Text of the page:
Outpatient Vs. Inpatient Drug Recovery Programs: Which One Is Right For You

If you’re considering treatment for an addiction to drugs or alcohol, you may be confused as to which type of facility is best for you. What are the differences between outpatient and inpatient rehab? And how do you know which one is right for your needs?

Choosing between outpatient and inpatient drug rehab depends on several factors including the severity of your addiction, co-occurring conditions, absence or presence of a support system, and your budget.

Let’s break the factors down here.

Outpatient Drug Rehab

Outpatient drug rehabilitation programs allow participants to live at home while attending drug recovery sessions during the day. These programs often include individual counseling sessions, group therapy, and specialized educational classes.

Outpatient treatment may also include recreational activities and 12-step meetings. Individuals in outpatient programs usually meet with their counselors for 9-to-5 sessions three to five days a week.

Inpatient Drug Recovery Treatment

Inpatient drug rehabilitation requires that participants take up residency at the treatment facility for the duration of treatment.

A typical schedule at inpatient drug rehabs includes individual counseling sessions, group therapy and 12-step meetings. In addition, most facilities provide recreational activities including art therapy, music therapy, equine therapy and yoga.

An inpatient program lasts anywhere from 30 days to 90 days or longer depending on the severity of someone’s addiction.

What factors determine which is right for you?

● The Severity of the Substance Use Disorder

Outpatient drug rehab programs are best suited for people who are experiencing mild to moderate drug abuse or addiction. Outpatient treatment is typically suitable for those who can take time away from home, work and school to attend therapy sessions on a regular basis. Outpatient treatment gives individuals the freedom to continue with their daily responsibilities while still receiving expert care for addiction.

Inpatient or residential treatment is typically recommended for those struggling with more severe addictions. For example, an individual who has developed a physical dependence on alcohol or drugs may benefit from inpatient treatment because of the extreme withdrawal symptoms that can occur when stopping use.

Other people who may require inpatient care include those who have been unsuccessful at outpatient treatment in the past and those who have been sober but have recently relapsed and need more intensive care to get back on track.

● Co-Occurring Conditions

The first thing you need to consider when deciding on a program is whether or not you have any co-occurring conditions. This refers to mental health issues that occur simultaneously with substance abuse disorders such as depression, post traumatic stress disorder (PTSD), bipolar disorder and schizophrenia.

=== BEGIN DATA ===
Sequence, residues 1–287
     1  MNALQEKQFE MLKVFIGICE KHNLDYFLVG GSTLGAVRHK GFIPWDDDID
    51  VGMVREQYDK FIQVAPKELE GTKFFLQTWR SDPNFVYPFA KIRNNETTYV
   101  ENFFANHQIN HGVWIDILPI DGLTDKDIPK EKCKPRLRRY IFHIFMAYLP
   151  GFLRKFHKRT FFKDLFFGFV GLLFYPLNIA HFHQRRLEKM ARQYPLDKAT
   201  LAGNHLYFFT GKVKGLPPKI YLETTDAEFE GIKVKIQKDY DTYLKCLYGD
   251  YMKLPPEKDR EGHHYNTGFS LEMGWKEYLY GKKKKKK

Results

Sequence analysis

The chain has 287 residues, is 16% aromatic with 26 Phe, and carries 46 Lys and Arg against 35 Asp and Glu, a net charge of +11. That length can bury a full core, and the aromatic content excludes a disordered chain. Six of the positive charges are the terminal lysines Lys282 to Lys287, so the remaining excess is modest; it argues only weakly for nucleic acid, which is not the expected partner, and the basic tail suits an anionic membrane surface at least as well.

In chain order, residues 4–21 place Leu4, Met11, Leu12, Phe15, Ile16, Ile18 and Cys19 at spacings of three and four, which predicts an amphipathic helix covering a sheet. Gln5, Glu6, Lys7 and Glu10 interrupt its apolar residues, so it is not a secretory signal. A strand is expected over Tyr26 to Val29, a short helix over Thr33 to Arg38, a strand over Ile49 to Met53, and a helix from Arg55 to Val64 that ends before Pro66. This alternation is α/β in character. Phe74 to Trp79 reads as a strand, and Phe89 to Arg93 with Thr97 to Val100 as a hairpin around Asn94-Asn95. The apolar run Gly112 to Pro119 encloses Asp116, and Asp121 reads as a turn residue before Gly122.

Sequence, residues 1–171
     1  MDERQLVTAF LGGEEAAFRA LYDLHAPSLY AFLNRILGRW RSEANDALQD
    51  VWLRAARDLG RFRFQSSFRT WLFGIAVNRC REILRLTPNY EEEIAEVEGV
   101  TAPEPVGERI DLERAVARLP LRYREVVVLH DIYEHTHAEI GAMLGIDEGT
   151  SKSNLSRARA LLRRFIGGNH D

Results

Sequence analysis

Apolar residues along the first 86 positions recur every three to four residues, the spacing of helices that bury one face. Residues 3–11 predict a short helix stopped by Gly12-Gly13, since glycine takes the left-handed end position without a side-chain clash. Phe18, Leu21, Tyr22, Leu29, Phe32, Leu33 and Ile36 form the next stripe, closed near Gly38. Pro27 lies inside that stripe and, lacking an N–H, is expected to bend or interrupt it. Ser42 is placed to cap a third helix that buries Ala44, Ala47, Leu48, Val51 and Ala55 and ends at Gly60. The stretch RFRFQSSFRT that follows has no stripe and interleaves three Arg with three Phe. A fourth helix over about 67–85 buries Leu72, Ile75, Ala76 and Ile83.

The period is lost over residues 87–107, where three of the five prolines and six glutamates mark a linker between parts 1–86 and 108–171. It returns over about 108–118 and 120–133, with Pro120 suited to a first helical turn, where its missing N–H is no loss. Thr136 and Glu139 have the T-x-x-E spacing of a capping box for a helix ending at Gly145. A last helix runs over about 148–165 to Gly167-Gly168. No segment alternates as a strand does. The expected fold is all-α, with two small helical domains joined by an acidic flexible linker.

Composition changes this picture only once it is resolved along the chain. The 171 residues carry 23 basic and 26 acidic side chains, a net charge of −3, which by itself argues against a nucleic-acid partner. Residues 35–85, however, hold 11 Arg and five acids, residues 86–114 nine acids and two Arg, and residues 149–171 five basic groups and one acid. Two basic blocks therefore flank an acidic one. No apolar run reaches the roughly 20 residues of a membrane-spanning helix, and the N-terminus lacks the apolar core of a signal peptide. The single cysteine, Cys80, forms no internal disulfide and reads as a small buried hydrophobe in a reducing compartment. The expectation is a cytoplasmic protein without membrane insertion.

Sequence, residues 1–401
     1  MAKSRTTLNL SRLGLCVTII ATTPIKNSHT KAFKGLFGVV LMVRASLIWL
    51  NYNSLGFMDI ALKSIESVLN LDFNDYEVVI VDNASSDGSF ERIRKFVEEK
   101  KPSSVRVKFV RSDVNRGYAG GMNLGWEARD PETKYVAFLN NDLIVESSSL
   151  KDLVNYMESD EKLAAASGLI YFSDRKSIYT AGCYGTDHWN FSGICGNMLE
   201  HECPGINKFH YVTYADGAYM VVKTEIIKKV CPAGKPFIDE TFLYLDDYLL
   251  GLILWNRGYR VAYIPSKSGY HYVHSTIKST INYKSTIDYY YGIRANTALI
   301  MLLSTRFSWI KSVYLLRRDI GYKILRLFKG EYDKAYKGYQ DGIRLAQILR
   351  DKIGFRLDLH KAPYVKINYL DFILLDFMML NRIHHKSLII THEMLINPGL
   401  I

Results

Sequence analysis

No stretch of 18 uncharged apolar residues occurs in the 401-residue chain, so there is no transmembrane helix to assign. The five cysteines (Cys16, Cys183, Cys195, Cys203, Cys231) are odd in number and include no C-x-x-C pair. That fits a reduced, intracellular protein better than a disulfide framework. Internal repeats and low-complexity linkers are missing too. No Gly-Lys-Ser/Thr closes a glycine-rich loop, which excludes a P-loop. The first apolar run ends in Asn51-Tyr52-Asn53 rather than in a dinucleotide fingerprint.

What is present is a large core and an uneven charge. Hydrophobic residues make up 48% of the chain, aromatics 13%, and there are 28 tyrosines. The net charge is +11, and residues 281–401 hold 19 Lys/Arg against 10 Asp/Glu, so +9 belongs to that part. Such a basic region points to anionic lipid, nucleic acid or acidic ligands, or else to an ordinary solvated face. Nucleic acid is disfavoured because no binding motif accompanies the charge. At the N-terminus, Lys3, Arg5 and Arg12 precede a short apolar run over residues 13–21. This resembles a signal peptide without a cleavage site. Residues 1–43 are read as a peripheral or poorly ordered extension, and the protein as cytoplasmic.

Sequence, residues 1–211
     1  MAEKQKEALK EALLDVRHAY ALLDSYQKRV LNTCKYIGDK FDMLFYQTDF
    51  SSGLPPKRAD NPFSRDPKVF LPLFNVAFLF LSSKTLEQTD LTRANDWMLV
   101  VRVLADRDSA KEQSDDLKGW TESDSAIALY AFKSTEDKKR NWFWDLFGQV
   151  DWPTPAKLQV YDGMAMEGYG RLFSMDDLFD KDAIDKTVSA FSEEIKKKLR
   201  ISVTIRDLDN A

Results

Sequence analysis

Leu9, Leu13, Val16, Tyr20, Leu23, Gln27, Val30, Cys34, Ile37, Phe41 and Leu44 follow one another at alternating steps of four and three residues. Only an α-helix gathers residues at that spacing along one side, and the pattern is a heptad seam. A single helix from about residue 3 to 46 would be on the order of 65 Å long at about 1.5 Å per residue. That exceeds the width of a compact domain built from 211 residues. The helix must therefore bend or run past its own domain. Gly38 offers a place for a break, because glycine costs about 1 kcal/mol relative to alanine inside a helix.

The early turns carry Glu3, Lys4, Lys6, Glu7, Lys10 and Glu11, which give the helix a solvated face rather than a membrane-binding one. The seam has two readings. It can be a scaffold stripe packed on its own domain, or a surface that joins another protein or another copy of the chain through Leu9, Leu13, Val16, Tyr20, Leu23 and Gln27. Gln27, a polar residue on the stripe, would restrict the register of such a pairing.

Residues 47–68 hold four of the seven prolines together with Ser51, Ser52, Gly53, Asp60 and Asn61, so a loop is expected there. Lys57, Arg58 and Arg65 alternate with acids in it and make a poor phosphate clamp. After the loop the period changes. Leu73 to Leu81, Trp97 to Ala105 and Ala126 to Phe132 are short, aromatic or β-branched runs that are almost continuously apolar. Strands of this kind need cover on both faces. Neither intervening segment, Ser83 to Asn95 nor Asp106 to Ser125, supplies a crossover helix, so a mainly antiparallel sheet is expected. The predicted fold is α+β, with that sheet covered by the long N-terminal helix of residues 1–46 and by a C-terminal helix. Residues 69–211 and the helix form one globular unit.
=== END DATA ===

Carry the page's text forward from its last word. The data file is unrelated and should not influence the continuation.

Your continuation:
If you have any co-occurring conditions, an inpatient program will be best suited for your needs because it allows the staff to monitor and treat multiple issues at once.

On the other hand, if you don’t have any co-occurring conditions and are only dealing with an addiction, an outpatient recovery program is a suitable option.

● Your Current Health

You should always consult with your physician before enrolling in any kind of drug rehabilitation program. If you have a physical condition that requires regular medical care, such as diabetes, kidney disease or cancer, you may be better suited for an inpatient program. In some cases, your doctor may recommend that you enter a medically supervised detoxification program before beginning any other type of treatment.

● How Much Support You Have From Family and Friends

Inpatient programs require patients to live at the facility while they’re enrolled, so their family members and friends can’t be with them every day. If you’re able to rely on your family and friends for support, an  Outpatient Addiction Treatment program might be a better fit for you.

But if you think you’ll need more around-the-clock support from peers and counselors, an inpatient program could be a better option for you.

● Your Education, Employment and Financial Status

If you can afford to take time off of work or school, an inpatient program might be worth considering. If you have a job that is stressful or doesn’t provide health insurance coverage, it might be helpful to seek treatment at an inpatient facility because you’ll be able to focus on your recovery without having to worry about other things.

● Your Legal Status

If you are dealing with legal issues related to drugs or alcohol, it may be best for you to attend inpatient treatment so that you can stay away from negative influences while you get sober.

Winding It Up

The decision to enter rehab is a difficult one but also one that gives you hope of a better life. And once you have made the decision to get help for your addiction, you need to decide what kind of program is right for you. There are a number of different programs available that all offer different types of treatment and work in different ways.

Choosing the right program will make all the difference in your recovery and is an important part of ensuring that you remain sober.

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